Alumni Spotlight: Seeking to Expand Financial Literacy

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Student loans and repayment. Credit card management. Vehicle insurance and maintenance. Budgeting and saving for college and beyond.

Personal finance questions arise for nearly every high school senior, whether they are making arrangements to attend college or planning to enter the workforce. Ill-informed decisions can create missed savings opportunities or even financial hardship.

Financial literacy issues impressed Benjamin Lewandowski, a 2020 summa cum laude BJU graduate, in his business administration courses; and prompted him to write a financial guide for high school and college students — and their parents — and recent college graduates. The book was published last month.

First Steps: An Approachable Guide to Personal Finance” is available on Amazon.

Need for the Basics

A personal finance course is a high school requirement in only 21 states, according to data from Next Gen Personal Finance, and they are often scant in college. 

“I kept hearing about how high schoolers and college students were lacking in what I would consider the basics of personal finances — everything from budgeting to spending wisely and making sure you plan for the future,” he said. “All those things, I believe, are essential to being a well-rounded adult. Handled poorly, they can contribute to a lot of stress.”

Two recent studies by AIG Insurance (American International Group) showed that students graduating high school do not have a high enough level of financial literacy to allow them to manage their money well in college. And, for many students, their first year of college is their first attempt at budgeting.

Four-year college students reported feeling less prepared to manage their money than any other factor in college life, including coursework, organizational skills and time management.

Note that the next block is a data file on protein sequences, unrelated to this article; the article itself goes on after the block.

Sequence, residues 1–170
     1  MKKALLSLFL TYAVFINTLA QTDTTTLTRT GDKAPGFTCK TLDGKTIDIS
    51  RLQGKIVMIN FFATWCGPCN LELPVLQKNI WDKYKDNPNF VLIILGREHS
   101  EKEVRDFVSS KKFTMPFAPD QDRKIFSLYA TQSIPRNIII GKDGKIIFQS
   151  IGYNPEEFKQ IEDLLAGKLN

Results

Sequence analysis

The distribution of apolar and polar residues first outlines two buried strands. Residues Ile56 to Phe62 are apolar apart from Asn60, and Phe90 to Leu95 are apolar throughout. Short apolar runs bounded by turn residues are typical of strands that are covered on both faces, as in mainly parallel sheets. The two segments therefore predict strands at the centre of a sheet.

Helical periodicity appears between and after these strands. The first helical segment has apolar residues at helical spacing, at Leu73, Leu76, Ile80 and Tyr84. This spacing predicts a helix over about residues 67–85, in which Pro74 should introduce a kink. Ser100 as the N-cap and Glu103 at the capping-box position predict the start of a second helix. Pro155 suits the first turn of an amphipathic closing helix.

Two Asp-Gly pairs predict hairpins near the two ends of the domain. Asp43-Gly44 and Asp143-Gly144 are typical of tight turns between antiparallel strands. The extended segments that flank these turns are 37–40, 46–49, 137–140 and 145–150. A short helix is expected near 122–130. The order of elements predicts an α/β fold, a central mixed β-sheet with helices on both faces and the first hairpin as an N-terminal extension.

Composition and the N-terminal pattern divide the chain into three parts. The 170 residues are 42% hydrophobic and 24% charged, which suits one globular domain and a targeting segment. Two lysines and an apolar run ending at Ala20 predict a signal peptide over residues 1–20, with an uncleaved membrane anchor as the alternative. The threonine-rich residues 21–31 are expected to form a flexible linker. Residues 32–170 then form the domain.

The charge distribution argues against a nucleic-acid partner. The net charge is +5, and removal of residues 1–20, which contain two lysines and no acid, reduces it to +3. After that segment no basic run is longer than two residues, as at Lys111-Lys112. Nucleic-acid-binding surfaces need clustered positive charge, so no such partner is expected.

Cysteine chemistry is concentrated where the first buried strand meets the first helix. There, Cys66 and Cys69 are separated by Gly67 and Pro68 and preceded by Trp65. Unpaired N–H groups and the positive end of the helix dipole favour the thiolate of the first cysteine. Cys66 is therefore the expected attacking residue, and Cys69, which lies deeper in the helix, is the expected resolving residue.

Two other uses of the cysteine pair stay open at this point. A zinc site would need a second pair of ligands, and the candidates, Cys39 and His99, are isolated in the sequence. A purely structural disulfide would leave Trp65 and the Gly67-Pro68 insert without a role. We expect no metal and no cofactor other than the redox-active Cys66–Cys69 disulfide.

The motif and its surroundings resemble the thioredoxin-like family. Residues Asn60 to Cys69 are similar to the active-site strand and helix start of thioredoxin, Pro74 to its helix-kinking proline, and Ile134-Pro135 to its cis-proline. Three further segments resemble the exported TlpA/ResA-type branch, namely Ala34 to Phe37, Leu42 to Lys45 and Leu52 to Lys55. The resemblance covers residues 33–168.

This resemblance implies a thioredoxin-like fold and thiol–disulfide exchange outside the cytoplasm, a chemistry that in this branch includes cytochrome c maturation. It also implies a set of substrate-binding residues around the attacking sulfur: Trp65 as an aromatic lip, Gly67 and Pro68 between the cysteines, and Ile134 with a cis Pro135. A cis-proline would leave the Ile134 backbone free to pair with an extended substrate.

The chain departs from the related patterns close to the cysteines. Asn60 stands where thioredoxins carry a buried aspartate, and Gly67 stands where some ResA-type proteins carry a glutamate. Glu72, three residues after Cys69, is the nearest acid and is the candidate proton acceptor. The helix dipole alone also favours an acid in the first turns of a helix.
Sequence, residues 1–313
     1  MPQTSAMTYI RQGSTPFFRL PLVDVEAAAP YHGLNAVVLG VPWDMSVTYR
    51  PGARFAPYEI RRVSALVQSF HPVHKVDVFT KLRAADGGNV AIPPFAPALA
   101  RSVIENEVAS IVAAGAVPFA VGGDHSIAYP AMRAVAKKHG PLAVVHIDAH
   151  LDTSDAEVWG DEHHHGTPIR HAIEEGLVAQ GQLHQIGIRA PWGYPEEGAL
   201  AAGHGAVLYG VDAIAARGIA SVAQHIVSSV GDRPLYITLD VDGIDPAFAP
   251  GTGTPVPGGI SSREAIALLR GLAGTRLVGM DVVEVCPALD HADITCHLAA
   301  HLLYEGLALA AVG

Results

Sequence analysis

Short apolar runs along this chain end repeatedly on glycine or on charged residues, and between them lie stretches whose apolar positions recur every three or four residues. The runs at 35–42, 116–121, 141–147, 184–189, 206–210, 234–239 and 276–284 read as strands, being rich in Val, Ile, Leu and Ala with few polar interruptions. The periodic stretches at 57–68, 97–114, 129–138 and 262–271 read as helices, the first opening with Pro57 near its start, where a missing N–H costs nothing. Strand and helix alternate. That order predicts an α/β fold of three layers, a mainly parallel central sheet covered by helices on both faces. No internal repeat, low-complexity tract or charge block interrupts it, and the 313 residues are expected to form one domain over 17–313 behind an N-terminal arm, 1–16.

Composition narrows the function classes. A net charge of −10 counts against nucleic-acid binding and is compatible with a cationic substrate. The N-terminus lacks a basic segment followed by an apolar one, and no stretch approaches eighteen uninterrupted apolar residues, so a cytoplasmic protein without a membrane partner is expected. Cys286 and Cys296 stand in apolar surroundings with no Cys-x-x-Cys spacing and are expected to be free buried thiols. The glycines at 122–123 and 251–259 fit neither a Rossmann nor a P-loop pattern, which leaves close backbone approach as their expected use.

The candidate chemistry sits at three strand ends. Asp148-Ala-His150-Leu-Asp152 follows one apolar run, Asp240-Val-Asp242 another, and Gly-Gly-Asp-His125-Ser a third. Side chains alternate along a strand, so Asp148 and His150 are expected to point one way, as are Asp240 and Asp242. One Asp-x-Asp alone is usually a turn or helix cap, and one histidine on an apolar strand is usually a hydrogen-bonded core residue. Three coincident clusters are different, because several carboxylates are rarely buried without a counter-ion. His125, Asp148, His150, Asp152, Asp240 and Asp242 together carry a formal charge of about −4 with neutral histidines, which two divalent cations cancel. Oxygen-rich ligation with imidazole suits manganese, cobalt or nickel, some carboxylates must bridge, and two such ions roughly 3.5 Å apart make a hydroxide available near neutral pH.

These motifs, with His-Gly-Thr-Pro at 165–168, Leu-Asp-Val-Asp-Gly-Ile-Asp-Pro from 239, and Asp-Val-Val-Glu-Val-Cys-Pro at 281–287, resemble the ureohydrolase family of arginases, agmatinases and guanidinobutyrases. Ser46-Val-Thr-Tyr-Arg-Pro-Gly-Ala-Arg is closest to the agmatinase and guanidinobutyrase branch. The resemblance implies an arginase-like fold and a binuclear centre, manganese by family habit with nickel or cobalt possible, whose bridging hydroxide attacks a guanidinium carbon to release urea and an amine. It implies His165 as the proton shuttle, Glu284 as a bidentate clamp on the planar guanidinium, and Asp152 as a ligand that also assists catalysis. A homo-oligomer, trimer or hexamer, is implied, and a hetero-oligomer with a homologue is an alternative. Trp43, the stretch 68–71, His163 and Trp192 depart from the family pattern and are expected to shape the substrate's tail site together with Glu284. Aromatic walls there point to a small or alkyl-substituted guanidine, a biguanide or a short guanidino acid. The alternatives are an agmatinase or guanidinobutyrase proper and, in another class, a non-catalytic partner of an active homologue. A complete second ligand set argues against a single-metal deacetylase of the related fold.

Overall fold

According to one of the studies, that carried over into their first year of “real life.”

“There is a lot of research that went into the topics in the book. What would be the most relevant to the specific audience? What are they most lacking in? I wanted to find the right way to present these topics that can be confusing and complex, especially if you have to face them for the first time, in an easily understandable and approachable way,” said Lewandowski, who was president of the University Marketing Association during the 2019–2020 academic year.

Saving and Investing Knowledge

Lewandowski learned early on the importance of money management, which has guided him through high school, at BJU and in the workplace during the current unstable American economy fueled by inflation.

“The book is divided into two sections — the different budgets you can arrange, starting with your first job in high school even if that’s mowing grass and you have $100 a week, up to a recent college graduate who is earning a salary and has to decide what portion of their money to set aside for everything from tithing to retirement,” said Lewandowski, a resident of Taylors, South Carolina.

“I talk about the different types of student loans because it’s good for high schoolers and college students to have a working knowledge of everything from a subsidized loan from the government to private loans. I get into how you can set aside money at any age to save for college and pay for college, and as a recent graduate buying things like a new car and saving for a downpayment of a house.”

Exercise Discipline

Peers have sought his financial advice, and he encourages current students and recent graduates to ask questions and research pertinent topics to gain solid footing.

“Find somebody who you trust and who has done a good job with their personal finances, whether that be a parent, teacher or grandparent, and feel comfortable asking questions,” the author said. “Even the most basic question can have multiple answers. Look at how you are spending your money and make sure you take care of the basics first and then move on to discretionary spending.

“It’s easy to get yourself in trouble when you have a steady income that you likely never had before. Personal finance is really a test of your self-discipline in a new environment and situation where you don’t have as many people looking out for your decisions as you’ve had in the past, and you have a larger degree of freedom.

“You have to know yourself, know what your weaknesses are when it comes to spending, and exercise self-control. Take care of the basics first. I’d like everyone to have a sound financial future.”

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